Proactively working with fathers, whether custodial, noncustodial, geographically separated, or incarcerated can be helpful in strengthening familial relationships, encouraging fathers to play more active roles in the lives of their children, and making connections with paternal family members and resources, all of which help improve the long-term well-being and development of children.

CB strongly encourages all child welfare agencies to enhance their efforts to work with fathers across the continuum of child welfare services.

ii. Family and Youth Services Bureau

The Family and Youth Bureau (FYSB) works to address a number of issues that impact or are related to father engagement. FYSB’s mission is to support the organizations and communities that work every day to put an end to youth homelessness, adolescent pregnancy and domestic violence. FYSB achieves this by administering grants to programs that provide shelter, community services and prevention education for youth, adults and families.

FYSB’s grantees and programs work with parents, children, and youth to lay the foundation for healthy relationships and promote safe and responsible behavior. In taking on this range of engaging men and boys on issues as challenging as domestic violence and youth homelessness, FYSB’s grantees seek to be preventative and decrease the likelihood that families and youth are placed in vulnerable and dangerous situations. Public awareness initiatives, on-the-ground education and training, experiential learning, modeling, and coaching are all central strategies to FYSB’s support of parents, children, and youth. Knowing that these issues cross-cut cultures and socioeconomic status, FYSB’s grantees also work intensively to ensure all of the programs and services it supports are grounded in cultural competence and are respectful of, and appropriate to the communities they are intended to serve. FYSB is deeply committed to learning what works and is pursuing rigorous evaluation and assessment of its work with a constant eye toward return on investment to demonstrate inherent value.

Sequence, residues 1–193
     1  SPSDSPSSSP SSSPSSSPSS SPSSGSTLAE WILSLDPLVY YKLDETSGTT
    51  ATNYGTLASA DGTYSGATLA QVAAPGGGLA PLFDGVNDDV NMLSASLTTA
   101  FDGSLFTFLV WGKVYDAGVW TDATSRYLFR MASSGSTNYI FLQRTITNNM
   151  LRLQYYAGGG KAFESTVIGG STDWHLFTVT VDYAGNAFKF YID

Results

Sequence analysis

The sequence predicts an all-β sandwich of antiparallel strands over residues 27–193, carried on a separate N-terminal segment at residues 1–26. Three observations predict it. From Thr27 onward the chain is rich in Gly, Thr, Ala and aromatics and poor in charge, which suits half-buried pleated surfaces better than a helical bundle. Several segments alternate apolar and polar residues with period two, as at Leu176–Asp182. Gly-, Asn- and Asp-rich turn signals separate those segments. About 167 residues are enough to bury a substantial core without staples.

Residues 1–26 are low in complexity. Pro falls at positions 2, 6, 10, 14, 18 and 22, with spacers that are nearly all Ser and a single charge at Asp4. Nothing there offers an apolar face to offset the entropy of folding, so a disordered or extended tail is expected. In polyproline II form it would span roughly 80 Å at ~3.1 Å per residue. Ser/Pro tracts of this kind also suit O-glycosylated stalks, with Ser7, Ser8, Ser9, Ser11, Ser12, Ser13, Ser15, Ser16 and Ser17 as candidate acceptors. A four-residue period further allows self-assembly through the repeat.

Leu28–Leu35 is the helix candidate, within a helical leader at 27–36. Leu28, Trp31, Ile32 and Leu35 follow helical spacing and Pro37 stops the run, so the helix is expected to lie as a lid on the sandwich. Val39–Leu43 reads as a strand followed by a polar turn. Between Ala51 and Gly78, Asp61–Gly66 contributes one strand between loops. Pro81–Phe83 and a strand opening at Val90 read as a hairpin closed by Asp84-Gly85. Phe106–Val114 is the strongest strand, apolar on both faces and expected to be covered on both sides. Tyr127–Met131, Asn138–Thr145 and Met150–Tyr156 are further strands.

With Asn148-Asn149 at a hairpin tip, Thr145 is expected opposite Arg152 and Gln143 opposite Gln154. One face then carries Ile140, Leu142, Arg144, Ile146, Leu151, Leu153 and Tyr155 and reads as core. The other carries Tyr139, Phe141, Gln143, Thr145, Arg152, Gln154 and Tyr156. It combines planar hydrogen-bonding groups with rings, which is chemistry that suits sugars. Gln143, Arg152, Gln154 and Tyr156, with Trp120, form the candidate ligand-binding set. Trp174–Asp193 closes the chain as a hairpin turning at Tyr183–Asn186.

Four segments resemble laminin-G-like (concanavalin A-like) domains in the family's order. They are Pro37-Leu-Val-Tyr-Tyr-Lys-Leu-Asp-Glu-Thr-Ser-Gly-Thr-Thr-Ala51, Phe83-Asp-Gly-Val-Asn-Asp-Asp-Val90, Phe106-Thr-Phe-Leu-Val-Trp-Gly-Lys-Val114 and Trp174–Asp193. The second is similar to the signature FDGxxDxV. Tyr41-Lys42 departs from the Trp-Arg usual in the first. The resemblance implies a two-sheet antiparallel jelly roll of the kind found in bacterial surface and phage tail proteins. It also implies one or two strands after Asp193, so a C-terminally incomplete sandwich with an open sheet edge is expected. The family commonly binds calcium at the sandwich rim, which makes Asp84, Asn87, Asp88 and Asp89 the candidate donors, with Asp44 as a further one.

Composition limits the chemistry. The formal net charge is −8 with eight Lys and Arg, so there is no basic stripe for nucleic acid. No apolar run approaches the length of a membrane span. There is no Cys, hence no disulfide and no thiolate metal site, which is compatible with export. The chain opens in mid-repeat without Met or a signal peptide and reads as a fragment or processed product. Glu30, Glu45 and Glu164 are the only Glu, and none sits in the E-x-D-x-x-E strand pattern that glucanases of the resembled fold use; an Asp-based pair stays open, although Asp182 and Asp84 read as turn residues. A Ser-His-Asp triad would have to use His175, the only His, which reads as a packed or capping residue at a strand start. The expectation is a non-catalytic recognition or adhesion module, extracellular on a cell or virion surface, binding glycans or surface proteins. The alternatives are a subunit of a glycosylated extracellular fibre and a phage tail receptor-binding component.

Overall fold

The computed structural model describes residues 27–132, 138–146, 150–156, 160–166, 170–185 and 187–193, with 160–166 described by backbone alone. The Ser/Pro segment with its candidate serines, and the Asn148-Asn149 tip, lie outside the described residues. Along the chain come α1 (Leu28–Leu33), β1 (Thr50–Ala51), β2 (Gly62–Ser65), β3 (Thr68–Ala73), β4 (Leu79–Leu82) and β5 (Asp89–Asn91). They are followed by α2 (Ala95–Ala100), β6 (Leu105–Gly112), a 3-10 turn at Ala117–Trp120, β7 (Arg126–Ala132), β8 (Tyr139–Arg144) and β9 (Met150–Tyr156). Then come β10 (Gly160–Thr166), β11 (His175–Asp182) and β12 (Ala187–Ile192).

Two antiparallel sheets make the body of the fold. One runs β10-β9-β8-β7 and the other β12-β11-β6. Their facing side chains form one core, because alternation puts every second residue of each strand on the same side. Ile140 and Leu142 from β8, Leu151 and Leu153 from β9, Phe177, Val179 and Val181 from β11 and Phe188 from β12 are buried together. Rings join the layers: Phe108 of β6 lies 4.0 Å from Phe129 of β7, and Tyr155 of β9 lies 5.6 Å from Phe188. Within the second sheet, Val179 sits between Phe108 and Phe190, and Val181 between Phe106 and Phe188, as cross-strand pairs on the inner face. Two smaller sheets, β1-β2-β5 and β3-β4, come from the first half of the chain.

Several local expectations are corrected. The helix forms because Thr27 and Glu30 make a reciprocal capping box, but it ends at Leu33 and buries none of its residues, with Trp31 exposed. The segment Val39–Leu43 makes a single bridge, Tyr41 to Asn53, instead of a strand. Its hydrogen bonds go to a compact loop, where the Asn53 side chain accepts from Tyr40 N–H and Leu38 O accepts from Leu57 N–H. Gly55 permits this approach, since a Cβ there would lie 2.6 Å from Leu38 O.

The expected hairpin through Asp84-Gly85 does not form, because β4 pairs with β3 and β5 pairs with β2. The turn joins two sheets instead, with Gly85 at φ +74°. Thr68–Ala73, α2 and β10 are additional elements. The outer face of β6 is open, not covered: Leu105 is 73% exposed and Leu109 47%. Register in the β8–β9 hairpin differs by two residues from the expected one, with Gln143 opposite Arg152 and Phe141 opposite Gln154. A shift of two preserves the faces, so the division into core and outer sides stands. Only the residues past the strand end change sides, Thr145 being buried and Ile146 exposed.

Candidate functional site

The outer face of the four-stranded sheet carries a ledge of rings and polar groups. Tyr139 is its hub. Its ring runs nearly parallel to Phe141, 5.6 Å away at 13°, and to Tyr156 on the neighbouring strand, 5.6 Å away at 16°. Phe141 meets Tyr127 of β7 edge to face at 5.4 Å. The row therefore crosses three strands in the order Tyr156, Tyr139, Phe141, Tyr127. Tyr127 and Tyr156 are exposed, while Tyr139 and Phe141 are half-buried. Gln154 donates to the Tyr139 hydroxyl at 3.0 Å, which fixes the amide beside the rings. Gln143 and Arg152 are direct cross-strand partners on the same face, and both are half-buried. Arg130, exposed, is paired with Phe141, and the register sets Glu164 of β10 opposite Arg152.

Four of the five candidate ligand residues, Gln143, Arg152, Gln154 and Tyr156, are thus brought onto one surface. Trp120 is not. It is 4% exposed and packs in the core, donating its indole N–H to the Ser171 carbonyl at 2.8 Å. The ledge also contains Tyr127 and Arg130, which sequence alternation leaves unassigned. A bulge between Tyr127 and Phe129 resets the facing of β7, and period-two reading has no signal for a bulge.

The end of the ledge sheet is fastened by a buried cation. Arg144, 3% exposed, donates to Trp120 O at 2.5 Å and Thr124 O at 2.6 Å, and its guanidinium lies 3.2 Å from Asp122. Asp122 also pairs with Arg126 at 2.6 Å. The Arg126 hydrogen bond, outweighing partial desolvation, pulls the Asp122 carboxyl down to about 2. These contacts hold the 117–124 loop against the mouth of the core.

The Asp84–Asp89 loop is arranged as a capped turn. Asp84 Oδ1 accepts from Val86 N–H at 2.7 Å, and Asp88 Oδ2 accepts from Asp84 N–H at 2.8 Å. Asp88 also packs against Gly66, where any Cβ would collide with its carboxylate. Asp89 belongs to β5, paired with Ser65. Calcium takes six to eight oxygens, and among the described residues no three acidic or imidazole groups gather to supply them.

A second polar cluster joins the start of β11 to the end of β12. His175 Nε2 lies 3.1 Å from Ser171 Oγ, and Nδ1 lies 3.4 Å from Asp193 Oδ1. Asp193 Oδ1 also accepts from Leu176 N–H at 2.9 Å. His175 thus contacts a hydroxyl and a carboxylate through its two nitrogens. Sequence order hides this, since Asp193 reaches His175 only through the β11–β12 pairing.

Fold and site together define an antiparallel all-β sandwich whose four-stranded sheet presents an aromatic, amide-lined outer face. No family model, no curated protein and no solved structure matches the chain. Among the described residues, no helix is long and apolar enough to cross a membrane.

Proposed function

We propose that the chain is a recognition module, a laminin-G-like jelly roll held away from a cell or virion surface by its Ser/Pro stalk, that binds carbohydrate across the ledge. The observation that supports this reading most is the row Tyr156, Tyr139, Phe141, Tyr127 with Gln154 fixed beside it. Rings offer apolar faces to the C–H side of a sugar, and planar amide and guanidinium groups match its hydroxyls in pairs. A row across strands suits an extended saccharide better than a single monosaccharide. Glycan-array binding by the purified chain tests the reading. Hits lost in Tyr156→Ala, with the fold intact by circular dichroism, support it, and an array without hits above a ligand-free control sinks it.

Runaway and Homeless Youth Program

FYSB’s Runaway and Homeless Youth (RHY) Program provides shelter and support services for youth experiencing homelessness, including pregnant and parenting youth and their child(ren). Particularly through the Transitional Living (TLP) and Maternity Group Home (MGH) program, which serve youth between the ages of 16 and 22, services are designed to help youth experiencing homelessness develop the skills necessary to make a successful transition to self-sufficient living, paving a way for youth to realign education and career paths in order to set them up for success and a stable family later in life, ending a possible cycle of poverty. MGHs are specifically designed to meet the needs of pregnant and parenting youth and offer an array of comprehensive services to teach parenting skills, child development, family budgeting, and health and nutrition to young mothers and fathers.

Adolescent Pregnancy Prevention Program

FYSB’s Adolescent Pregnancy Prevention (APP) Program supports programs promoting healthy relationships, parent-child communication, and male responsibility while helping prevent teenage pregnancy among middle school youth. APP’s Sexual Risk Avoidance Education grantees provide youth with mentoring, counseling, and adult supervision to promote abstinence from sexual activity.

Several of APP’s Personal Responsibility Education Program grantees implement a curriculum called Wise Guys that works to strengthen communication between boys and their parents; increase knowledge related to sexual attitudes and the consequences of risky behavior to prevent early entrance to fatherhood; and enhances boys’ ability to identify personal values.

Family Violence Prevention Services Program

FYSB’s Family Violence Prevention and Services Program grantees have supported a number of efforts working with fatherhood programs/initiatives to address domestic violence and promote healthy parenting practices. State Domestic Violence Coalitions and Tribal programs collaborate with fatherhood programs to share common messages about domestic violence prevention, strong families, and healthy relationships, focusing on engaging boys, men and especially fathers in efforts to reduce incidences of intimate partner violence.


FYSB strongly encourages all grantees and service providers it supports to ensure that father engagement, parent empowerment, and work with young men and boys continue be incorporated as part of their programming in local communities.

b. Office of Child Care

Child care serves as a critical resource in strengthening the role fathers play in the lives of their children. Nurturing relationships between fathers and their families contribute to positive cognitive and social developmental outcomes among children (Grossmann, K., Grossmann, K. E., Fremmer-Bombik, E., Kindler, H., Scheuerer-Englisch, H., & Zimmermann, A. P. [2002]), as well as healthier family environments that are less likely to involve, and better equipped to mitigate the effects of, adverse early childhood experiences (ACEs) which negatively impact long term healthy growth, development, and learning (Verbitsky-Savitz, N., Hargreaves, M., Penoyer, S., Morales, N., Coffee-Borden, B., & Whitesell, E. [2016]). Early care and learning providers in both home- and center-based settings are uniquely positioned to facilitate and promote fatherhood engagement initiatives. For families where both parents do not live in the same household, child care settings are an important resource to help families communicate about their children’s growth and learning, and develop their parenting skills.